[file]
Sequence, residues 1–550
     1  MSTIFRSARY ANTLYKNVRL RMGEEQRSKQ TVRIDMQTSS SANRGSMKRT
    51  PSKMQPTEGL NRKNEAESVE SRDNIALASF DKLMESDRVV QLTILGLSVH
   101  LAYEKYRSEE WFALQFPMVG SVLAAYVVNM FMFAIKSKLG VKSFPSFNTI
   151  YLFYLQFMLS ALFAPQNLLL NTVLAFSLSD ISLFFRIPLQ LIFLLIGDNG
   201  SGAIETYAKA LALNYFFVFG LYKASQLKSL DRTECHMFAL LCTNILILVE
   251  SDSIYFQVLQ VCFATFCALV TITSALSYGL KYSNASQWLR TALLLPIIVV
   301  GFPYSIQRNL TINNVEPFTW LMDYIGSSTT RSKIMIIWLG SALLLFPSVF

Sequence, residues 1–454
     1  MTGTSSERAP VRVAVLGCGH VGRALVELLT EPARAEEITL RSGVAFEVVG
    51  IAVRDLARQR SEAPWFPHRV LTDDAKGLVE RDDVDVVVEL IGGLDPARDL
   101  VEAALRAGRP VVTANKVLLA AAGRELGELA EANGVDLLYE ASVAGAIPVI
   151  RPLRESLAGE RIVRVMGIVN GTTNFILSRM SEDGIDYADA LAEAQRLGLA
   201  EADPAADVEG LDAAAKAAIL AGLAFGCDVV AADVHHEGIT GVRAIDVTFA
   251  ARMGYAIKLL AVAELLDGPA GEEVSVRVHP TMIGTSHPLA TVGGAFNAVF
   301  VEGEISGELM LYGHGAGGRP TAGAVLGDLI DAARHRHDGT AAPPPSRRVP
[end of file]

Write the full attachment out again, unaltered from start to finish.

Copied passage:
Sequence, residues 1–550
     1  MSTIFRSARY ANTLYKNVRL RMGEEQRSKQ TVRIDMQTSS SANRGSMKRT
    51  PSKMQPTEGL NRKNEAESVE SRDNIALASF DKLMESDRVV QLTILGLSVH
   101  LAYEKYRSEE WFALQFPMVG SVLAAYVVNM FMFAIKSKLG VKSFPSFNTI
   151  YLFYLQFMLS ALFAPQNLLL NTVLAFSLSD ISLFFRIPLQ LIFLLIGDNG
   201  SGAIETYAKA LALNYFFVFG LYKASQLKSL DRTECHMFAL LCTNILILVE
   251  SDSIYFQVLQ VCFATFCALV TITSALSYGL KYSNASQWLR TALLLPIIVV
   301  GFPYSIQRNL TINNVEPFTW LMDYIGSSTT RSKIMIIWLG SALLLFPSVF

Sequence, residues 1–454
     1  MTGTSSERAP VRVAVLGCGH VGRALVELLT EPARAEEITL RSGVAFEVVG
    51  IAVRDLARQR SEAPWFPHRV LTDDAKGLVE RDDVDVVVEL IGGLDPARDL
   101  VEAALRAGRP VVTANKVLLA AAGRELGELA EANGVDLLYE ASVAGAIPVI
   151  RPLRESLAGE RIVRVMGIVN GTTNFILSRM SEDGIDYADA LAEAQRLGLA
   201  EADPAADVEG LDAAAKAAIL AGLAFGCDVV AADVHHEGIT GVRAIDVTFA
   251  ARMGYAIKLL AVAELLDGPA GEEVSVRVHP TMIGTSHPLA TVGGAFNAVF
   301  VEGEISGELM LYGHGAGGRP TAGAVLGDLI DAARHRHDGT AAPPPSRRVP